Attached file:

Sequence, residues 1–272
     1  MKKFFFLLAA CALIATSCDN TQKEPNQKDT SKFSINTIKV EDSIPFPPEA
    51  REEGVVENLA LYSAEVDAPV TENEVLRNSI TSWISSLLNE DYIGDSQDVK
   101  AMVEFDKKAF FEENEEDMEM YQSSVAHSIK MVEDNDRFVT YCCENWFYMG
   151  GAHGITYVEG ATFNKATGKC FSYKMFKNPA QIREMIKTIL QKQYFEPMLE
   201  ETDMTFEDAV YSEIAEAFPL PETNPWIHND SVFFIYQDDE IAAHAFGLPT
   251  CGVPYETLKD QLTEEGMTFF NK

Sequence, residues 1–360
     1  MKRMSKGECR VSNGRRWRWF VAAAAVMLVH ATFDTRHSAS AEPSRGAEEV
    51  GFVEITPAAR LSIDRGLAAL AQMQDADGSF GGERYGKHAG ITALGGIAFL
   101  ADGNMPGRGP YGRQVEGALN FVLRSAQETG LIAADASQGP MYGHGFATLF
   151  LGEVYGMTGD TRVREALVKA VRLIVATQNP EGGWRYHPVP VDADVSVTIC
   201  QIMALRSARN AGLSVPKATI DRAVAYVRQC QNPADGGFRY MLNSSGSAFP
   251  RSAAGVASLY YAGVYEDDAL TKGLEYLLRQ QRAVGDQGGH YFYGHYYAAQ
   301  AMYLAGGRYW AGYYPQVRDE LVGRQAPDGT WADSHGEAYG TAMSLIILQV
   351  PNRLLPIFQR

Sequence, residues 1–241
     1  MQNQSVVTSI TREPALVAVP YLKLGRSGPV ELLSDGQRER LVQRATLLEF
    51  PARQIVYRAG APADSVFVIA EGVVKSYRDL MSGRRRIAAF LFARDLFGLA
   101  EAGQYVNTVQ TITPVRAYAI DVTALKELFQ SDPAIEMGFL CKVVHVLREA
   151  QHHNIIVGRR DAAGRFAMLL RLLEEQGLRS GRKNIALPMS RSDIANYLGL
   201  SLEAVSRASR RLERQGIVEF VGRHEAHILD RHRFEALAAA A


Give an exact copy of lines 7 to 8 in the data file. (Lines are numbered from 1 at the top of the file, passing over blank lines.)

   251  CGVPYETLKD QLTEEGMTFF NK

Sequence, residues 1–360